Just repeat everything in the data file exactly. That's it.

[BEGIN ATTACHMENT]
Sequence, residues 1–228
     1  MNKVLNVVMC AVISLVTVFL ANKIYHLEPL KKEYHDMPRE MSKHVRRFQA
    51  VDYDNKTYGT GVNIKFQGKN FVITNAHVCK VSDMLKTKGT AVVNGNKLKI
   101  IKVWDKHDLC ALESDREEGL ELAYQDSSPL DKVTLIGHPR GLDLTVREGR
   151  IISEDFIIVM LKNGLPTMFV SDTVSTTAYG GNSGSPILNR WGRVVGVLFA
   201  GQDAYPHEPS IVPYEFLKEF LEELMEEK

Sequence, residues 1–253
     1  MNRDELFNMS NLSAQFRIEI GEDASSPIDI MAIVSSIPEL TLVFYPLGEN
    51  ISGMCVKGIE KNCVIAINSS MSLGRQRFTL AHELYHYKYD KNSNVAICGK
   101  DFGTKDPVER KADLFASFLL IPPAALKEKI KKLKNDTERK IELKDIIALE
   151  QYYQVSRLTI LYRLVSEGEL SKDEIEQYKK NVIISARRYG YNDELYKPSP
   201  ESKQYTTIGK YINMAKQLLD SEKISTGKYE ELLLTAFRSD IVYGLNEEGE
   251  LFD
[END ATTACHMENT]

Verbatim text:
Sequence, residues 1–228
     1  MNKVLNVVMC AVISLVTVFL ANKIYHLEPL KKEYHDMPRE MSKHVRRFQA
    51  VDYDNKTYGT GVNIKFQGKN FVITNAHVCK VSDMLKTKGT AVVNGNKLKI
   101  IKVWDKHDLC ALESDREEGL ELAYQDSSPL DKVTLIGHPR GLDLTVREGR
   151  IISEDFIIVM LKNGLPTMFV SDTVSTTAYG GNSGSPILNR WGRVVGVLFA
   201  GQDAYPHEPS IVPYEFLKEF LEELMEEK

Sequence, residues 1–253
     1  MNRDELFNMS NLSAQFRIEI GEDASSPIDI MAIVSSIPEL TLVFYPLGEN
    51  ISGMCVKGIE KNCVIAINSS MSLGRQRFTL AHELYHYKYD KNSNVAICGK
   101  DFGTKDPVER KADLFASFLL IPPAALKEKI KKLKNDTERK IELKDIIALE
   151  QYYQVSRLTI LYRLVSEGEL SKDEIEQYKK NVIISARRYG YNDELYKPSP
   201  ESKQYTTIGK YINMAKQLLD SEKISTGKYE ELLLTAFRSD IVYGLNEEGE
   251  LFD